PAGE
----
One of the most notable collections housed at the Clarke Museum is the Hailstone Collection in Nealis Hall, which you can read more about here. While the majority of the Hailstone Collection consists of baskets, there are also a variety of photographs covering events, regalia, family lineages, and basketry. Albert Hailstone brought by some more photographs to donate to the collection, which have been in the process of being formally added to the collection. Here's a sneak peek at some of the photos that have been donated.
When it comes to processing new donations, it can take a bit of time to complete. The process begins with the donor filling out paperwork and including pertinent information about the item, such as what it is, why it is relevant to local history, its age, or other important information. After the donation is accepted by the museum, in this case a collection of photographs, each item gets a catalog entry and number on our database, photos are scanned, each photo is put in a protective sleeve and put away in the archives. It is a team effort and oftentimes interested volunteers and interns help along with the process. (Interested in helping out? You can send in a digital volunteer application here or stop by the museum to pick one up!)
When the items are officially processed into the collection, they can be accessed by researchers and used in exhibits. Sometimes, they can also appear on our website as well, as part of digital exhibits. A few of the photos from this most recent donation are currently on display in a set of two cases explaining the creation and use of ceremonial dresses (photos above). You can learn more about this exhibit and see a few more of the Hailstone photos featured in it at the Nealis Mini Exhibit Blog here.
Thanks to Compass Community Credit Union, The Clarke Museum is offering a FREE admission week from April 15 to April 22!
We'll see you at the Clarke!
Logging has historically been known as one of the most dangerous trades to be part of, due to the sometimes unpredictable type of work. Falling branches, broken tools, and operator error were hazards of the trade that could (and did) gravely injure or kill workers. The development and use of the Hard Hat helped to protect workers from many of the dangers of working as a logger. Above, you can see a picture of two workers in a tractor, both wearing aluminum hard hats similar to the one in the museum collection.
The Hard Hats, symbolic of an industry integral to Humboldt County, also appear in the protests surrounding the expansion of Redwood National Park in 1978, pictured below. This protest was part of a larger event which consisted of a a group of redwood loggers driving their loaded logging trucks from Humboldt County to Washington DC to protest at the Capitol. This journey was documented in the film "Enough is Enough", which can be viewed online for free here.
Today, these hard hats still have their presence among people linked to the logging community of the mid 20th century, as the helmets appear as part of Humboldt State's Logging Sports contingent that appear and participate in the HSU Football games by dressing as Lumberjacks and revving chainsaws.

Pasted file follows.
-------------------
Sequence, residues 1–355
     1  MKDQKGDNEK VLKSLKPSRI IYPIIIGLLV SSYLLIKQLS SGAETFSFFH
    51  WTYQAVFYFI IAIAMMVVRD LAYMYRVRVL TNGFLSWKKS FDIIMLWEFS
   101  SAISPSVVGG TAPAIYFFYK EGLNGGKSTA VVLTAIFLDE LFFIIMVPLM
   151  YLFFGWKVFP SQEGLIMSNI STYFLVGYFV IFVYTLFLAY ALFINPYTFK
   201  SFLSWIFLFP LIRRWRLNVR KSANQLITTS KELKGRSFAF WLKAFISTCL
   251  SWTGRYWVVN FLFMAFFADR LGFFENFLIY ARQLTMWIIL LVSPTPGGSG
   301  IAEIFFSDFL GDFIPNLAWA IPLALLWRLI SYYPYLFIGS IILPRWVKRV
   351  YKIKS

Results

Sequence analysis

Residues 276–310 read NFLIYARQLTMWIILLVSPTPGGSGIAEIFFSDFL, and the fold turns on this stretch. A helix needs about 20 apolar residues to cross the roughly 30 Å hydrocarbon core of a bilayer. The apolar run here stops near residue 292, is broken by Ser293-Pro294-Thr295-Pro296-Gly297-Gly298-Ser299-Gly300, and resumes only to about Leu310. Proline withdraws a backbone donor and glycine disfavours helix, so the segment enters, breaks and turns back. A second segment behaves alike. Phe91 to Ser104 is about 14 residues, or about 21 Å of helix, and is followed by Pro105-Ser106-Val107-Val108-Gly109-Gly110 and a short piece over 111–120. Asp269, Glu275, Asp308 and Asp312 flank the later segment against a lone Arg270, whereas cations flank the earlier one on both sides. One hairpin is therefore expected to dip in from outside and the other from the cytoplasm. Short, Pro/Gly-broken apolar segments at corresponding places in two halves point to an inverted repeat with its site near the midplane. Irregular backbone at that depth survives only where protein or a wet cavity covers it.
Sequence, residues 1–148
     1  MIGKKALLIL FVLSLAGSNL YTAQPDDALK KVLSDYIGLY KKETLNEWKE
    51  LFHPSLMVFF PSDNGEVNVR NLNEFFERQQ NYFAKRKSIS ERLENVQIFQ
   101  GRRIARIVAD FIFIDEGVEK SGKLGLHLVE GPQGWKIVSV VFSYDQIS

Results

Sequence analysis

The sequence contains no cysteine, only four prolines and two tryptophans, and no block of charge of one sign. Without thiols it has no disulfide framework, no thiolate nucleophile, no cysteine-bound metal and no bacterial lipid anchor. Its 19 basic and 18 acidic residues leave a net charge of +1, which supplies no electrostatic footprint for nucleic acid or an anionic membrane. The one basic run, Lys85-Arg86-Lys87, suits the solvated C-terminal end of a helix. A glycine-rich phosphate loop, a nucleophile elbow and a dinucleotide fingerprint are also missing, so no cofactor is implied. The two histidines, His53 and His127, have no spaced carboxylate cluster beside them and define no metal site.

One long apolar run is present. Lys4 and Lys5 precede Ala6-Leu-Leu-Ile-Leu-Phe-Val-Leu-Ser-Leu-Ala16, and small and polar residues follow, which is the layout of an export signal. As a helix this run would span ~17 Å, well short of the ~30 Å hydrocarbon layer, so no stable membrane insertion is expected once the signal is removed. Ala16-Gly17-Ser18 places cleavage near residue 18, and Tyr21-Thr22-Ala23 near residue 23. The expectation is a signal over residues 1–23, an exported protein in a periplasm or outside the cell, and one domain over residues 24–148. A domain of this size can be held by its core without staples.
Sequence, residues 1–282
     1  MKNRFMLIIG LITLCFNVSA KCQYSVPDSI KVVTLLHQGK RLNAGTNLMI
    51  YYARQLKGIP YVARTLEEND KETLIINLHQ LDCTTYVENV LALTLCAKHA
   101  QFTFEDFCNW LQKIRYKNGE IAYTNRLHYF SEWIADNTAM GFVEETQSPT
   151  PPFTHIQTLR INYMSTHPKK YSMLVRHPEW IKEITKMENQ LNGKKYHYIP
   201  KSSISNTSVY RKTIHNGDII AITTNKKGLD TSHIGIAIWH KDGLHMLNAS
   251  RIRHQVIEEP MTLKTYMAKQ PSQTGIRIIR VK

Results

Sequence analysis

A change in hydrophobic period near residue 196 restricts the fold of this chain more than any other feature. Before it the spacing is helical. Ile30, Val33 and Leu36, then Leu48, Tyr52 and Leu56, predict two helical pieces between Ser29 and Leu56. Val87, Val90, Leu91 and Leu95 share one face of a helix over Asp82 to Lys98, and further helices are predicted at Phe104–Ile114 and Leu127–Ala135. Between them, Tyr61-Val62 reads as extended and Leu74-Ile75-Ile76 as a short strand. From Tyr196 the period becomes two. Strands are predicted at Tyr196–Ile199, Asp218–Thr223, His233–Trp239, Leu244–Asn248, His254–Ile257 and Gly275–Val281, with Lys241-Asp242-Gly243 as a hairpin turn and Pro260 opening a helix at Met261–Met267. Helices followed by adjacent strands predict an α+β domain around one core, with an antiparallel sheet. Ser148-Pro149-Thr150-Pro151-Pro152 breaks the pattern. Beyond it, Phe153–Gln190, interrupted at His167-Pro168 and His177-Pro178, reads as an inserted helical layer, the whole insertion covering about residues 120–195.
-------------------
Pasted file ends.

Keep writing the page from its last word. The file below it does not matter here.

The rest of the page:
Keep an eye out for this hard hat in our upcoming exhibit The Redwoods Provide(d): The Story of Redwood National and State Parks, opening July 7, 2018
Information for this article was found:
Bullard's Hard Hats
In celebration of the Eureka Theater's Martini Matinee series of locally filmed movies, this week's post covers a few of the movies that were filmed in Humboldt County.
Humboldt's movie history stretches back before the 1983 filming of "Return of the Jedi" however. "Valley of the Giants", produced in 1919, was filmed in many different locations around Humboldt County, including Eureka and Arcata, with some scenes including local lumber towns. Scroll down to see many of the movie stills from various films that used beautiful Humboldt County as a backdrop.
Valley of the Giants (1919): Arcata, Korbel, Carson Mansion, Scotia
The Big Trees (1952): Orick and Humboldt Redwoods State Park
Star Wars: Return of the Jedi (1983): Grizzly Creek Redwoods State Park and Jedidiah Smith Redwoods State Park
Outbreak (1995): Ferndale
Want more locally filmed movies? Check out the Eureka Theater Website for their full schedule of "Martini Matinees" featuring films made in Humboldt County!
Photos are from the Clarke Museum Collection. Information on local films was found in Humboldt-Del Norte Film Commissions "Map of the Movies", which can be picked up at many local hotels, visitor centers, and tourist destinations, including the Clarke Museum.
As we get closer to summertime, we're featuring some of the postcards in the museum collections.
In 1917, the Redwood Highway (Highway 101's precursor) was completed, connecting Humboldt County with the rest of the State. This event changed the history of Humboldt County in countless ways, including leading to increased logging and tourism. Many of the tourists who came through in the early 1900s sent postcards home, leading to an increase in black and white postcards, eventually leading into the earliest colored postcards. The postcards featured the redwoods, logging operations, tourist stops, poems, roads, and scenic views